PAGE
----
The best place to be, then, for both sides, is roughly in the middle that Bellinger stakes out.  (Note that nothing I’ve said here should be attributed to him; these are my views on the negotiation stakes.)  Meaning that we have reasons to talk with our allies at length and in detail, in private and public, to try and persuade them to our views, and to persuade them that genuflecting to their advocacy and NGO groups will be worse for them than accepting our space to act, insofar as we can give a plausible interpretation of law.  Plausibility is the central touchstone for international law in relations among states, finally; we and they don’t have to agree, only to agree that our several interpretations are within the ballpark of acceptability.  It might involve alterations of our practice; it might not.

This will never satisfy the non-governmental advocates or the academics, of course. They have no skin in the game and hence can always hold out for the most extreme position with only an indirect cost in credibility.  In the case of drones, in which even some of the advocates are belatedly realizing that the weapon is indeed more precise and sparing of civilians, ignoring the NGO advocates as profoundly mistaken has spared a human tragedy in collateral damage over the long run.  But the striking thing about the interstate negotiations among allies is that they don’t have to reach a conclusion — an agreement — and probably won’t.  An acceptance of the plausibility of each side’s position and an agreement to continue discussion around alternatives that are considered plausible is sufficient.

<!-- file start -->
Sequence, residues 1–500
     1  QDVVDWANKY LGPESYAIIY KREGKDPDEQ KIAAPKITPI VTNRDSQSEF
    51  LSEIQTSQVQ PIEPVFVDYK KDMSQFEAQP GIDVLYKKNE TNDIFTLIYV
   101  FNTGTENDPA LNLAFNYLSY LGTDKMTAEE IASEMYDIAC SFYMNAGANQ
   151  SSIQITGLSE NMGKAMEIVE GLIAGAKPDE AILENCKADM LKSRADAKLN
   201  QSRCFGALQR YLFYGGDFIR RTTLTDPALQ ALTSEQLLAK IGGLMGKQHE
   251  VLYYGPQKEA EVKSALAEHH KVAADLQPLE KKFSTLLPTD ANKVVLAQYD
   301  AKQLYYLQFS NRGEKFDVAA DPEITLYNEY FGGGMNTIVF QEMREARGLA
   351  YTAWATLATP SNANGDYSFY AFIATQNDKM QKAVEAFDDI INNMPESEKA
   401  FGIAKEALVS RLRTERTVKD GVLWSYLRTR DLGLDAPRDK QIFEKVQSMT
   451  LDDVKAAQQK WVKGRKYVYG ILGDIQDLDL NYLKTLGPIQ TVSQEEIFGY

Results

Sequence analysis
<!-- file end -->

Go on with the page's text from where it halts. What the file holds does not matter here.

4 Responses

  1. “They have no skin in the game” This is a terrible slander to the Human Rights and Civil Libertarian communities. Many of these advocates have devoted their lives to this fight, and not in a just intellectual way. They fight for people. There is always a person at the end of the spear in national security law debates. It would behoove you to remember that and afford the people who have made tremendous sacrifices to fight for the powerless a little more respect.